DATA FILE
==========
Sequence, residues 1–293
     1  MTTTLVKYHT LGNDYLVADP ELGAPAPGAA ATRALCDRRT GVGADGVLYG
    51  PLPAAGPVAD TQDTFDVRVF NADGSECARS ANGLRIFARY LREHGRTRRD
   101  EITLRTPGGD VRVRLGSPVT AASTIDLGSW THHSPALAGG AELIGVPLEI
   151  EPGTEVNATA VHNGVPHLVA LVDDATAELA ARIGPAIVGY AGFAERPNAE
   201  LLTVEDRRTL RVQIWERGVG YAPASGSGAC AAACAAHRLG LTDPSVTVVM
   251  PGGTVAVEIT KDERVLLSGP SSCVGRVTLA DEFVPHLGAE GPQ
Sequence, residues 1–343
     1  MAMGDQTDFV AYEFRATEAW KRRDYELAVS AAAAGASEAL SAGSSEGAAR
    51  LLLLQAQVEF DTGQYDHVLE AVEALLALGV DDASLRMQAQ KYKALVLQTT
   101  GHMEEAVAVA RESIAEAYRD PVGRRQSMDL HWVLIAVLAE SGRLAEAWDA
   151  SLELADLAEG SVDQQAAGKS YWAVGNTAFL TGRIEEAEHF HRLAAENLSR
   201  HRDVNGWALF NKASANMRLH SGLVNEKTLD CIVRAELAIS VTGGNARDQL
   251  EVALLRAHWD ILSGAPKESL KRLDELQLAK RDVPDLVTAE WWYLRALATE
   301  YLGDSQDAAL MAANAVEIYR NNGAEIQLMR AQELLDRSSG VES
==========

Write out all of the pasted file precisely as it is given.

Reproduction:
Sequence, residues 1–293
     1  MTTTLVKYHT LGNDYLVADP ELGAPAPGAA ATRALCDRRT GVGADGVLYG
    51  PLPAAGPVAD TQDTFDVRVF NADGSECARS ANGLRIFARY LREHGRTRRD
   101  EITLRTPGGD VRVRLGSPVT AASTIDLGSW THHSPALAGG AELIGVPLEI
   151  EPGTEVNATA VHNGVPHLVA LVDDATAELA ARIGPAIVGY AGFAERPNAE
   201  LLTVEDRRTL RVQIWERGVG YAPASGSGAC AAACAAHRLG LTDPSVTVVM
   251  PGGTVAVEIT KDERVLLSGP SSCVGRVTLA DEFVPHLGAE GPQ
Sequence, residues 1–343
     1  MAMGDQTDFV AYEFRATEAW KRRDYELAVS AAAAGASEAL SAGSSEGAAR
    51  LLLLQAQVEF DTGQYDHVLE AVEALLALGV DDASLRMQAQ KYKALVLQTT
   101  GHMEEAVAVA RESIAEAYRD PVGRRQSMDL HWVLIAVLAE SGRLAEAWDA
   151  SLELADLAEG SVDQQAAGKS YWAVGNTAFL TGRIEEAEHF HRLAAENLSR
   201  HRDVNGWALF NKASANMRLH SGLVNEKTLD CIVRAELAIS VTGGNARDQL
   251  EVALLRAHWD ILSGAPKESL KRLDELQLAK RDVPDLVTAE WWYLRALATE
   301  YLGDSQDAAL MAANAVEIYR NNGAEIQLMR AQELLDRSSG VES